You will need to adjust the USE statement in the first line to the database you want to gather the information from.

 

Using PRTG to monitor manufacturing machines

ns a website from a systems administrator for systems administrators Home IT-Admins CMDB IT-Admins tool IT Search EOL Solutions Blog Contact Links Using PRTG to monitor manufacturing machines

This is a screenshot of the real-time data map of the PRTG instance that is used to monitor the data collected by the Raspberry PI and processed by PRTG to show how the progress of the production machine in manufacturing

A few weeks ago Paessler published on their blog an article I was part of that talked about a case study and implementation of how to use PRTG to real-time monitor a manufacturing machine / production machine while engaging a Raspberry PI.

The article describes what Dominik Wosiek and I implemented to monitor a manufacturing machine in real time. He started using a Raspberry PI and added eventually some magnetic field sensors to the machines robot arms to detect their movement. The data those sensor collected is interpreted by a script on the Raspberry PI and then send off to various HTTP push sensors on a free Paessler PRTG installation (we needed way less then 100 sensors and wanted to keep the installation independent).

On the PRTG instance, the data is of course collected and PRTG creates various graphs for us. We further added a PowerShell script that calculates the past time of the day. Due to us knowing the work-windows of the manufacturing department and how many parts are their daily target, we where able to use a Sensor Factory Sensor in PRTG to do some calculations and eventually show how the machine and the group controlling it was doing while comparing the output of parts relative to the time of the day – respective work hours past.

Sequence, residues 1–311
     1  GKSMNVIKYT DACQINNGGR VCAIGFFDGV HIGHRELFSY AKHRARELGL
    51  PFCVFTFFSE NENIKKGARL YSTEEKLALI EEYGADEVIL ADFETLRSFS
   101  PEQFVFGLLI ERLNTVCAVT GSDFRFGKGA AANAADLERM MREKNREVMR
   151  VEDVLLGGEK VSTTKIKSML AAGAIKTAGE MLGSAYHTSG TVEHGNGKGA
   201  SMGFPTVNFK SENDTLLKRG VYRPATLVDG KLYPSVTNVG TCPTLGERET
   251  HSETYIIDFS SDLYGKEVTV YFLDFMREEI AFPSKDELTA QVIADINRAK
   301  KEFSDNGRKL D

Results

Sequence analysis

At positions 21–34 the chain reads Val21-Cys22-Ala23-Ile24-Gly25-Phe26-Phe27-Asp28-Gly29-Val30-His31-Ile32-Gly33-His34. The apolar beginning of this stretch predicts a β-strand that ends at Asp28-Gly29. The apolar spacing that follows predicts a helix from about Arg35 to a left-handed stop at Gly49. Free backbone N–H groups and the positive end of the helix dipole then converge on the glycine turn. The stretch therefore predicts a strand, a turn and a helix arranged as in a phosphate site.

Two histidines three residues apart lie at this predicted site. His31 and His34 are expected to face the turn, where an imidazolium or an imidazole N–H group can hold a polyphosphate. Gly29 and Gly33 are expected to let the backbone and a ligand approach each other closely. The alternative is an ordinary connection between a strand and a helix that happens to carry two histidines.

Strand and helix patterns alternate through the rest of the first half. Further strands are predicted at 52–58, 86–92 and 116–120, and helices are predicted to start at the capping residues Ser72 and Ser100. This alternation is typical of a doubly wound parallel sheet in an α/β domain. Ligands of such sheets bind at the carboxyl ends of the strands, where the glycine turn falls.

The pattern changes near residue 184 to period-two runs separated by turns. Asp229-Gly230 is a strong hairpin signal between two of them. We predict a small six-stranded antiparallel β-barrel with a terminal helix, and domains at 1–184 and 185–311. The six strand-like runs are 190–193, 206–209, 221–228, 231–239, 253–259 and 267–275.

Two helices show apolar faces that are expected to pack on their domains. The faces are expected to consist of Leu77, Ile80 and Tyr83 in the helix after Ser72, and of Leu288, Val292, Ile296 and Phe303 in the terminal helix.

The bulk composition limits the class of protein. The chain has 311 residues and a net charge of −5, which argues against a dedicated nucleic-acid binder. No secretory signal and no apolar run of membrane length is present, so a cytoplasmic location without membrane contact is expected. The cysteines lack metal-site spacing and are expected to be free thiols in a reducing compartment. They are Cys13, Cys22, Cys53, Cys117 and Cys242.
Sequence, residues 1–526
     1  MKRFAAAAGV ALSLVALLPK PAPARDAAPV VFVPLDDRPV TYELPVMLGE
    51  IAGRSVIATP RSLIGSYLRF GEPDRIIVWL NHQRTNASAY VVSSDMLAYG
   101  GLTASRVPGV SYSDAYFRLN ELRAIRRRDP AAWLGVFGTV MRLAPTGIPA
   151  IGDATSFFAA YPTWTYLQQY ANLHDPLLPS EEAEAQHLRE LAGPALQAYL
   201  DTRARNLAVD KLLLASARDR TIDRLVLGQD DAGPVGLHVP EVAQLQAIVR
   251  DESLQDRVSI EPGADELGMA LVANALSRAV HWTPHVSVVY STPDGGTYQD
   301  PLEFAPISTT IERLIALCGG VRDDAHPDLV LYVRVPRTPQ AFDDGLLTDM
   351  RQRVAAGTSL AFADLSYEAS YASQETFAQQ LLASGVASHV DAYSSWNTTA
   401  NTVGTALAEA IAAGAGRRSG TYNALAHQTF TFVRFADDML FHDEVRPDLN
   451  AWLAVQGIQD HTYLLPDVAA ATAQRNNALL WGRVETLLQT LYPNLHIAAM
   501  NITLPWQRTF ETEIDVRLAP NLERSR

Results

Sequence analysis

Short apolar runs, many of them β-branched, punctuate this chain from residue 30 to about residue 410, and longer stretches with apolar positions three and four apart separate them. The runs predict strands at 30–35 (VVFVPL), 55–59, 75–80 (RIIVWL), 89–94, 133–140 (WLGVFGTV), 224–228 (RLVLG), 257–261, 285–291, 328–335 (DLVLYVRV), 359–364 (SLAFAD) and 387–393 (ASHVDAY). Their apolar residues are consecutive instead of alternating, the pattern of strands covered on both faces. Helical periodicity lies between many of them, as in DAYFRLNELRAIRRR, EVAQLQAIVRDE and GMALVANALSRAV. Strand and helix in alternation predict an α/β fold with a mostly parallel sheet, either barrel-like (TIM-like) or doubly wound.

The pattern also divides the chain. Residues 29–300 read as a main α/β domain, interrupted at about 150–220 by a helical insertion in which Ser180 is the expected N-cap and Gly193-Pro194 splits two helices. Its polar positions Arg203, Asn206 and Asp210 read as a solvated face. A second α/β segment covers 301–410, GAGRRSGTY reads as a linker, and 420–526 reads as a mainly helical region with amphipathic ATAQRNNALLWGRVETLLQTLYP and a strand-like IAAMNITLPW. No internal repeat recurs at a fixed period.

Above is an example configuration of the Sensor Factory Sensor in PRTG. We defined four channels:

  1. Production time passed in percent [%]
    1. this sensor pulls the passed time in minutes from the PowerShell Script sensor we created, it then does some math – the formula looks like this
      1. (passed minutes of the day – minutes passed when manufacturing starts) / (minutes passed when manufacturing ends – minutes passed when manufacturing starts) * 100 (to get percent)
      2. what it does in the example above:
        1. pull the passed minutes from the foreign sensor
        2. calculate 8 hours times 60 minutes (start of the day)
        3. subtract start time from passed time of the day (at 10 AM we would end up with 120 minutes)
        4. divide it with 17 hours times 60 or 5 PM in minutes of the day minus 8 AM minutes of the day – this gives you the total minutes between 8 AM and 5 PM – what is the defined manufacturing work time window
        5. multiply the result with 100 to get a percent value that shows the past time relative to the total work time window
  2. Part output vs. time [%]
    1. while the formula seems to be longer – it does nothing else then the using the same formula described in channel 4 minus the formula described in channel 2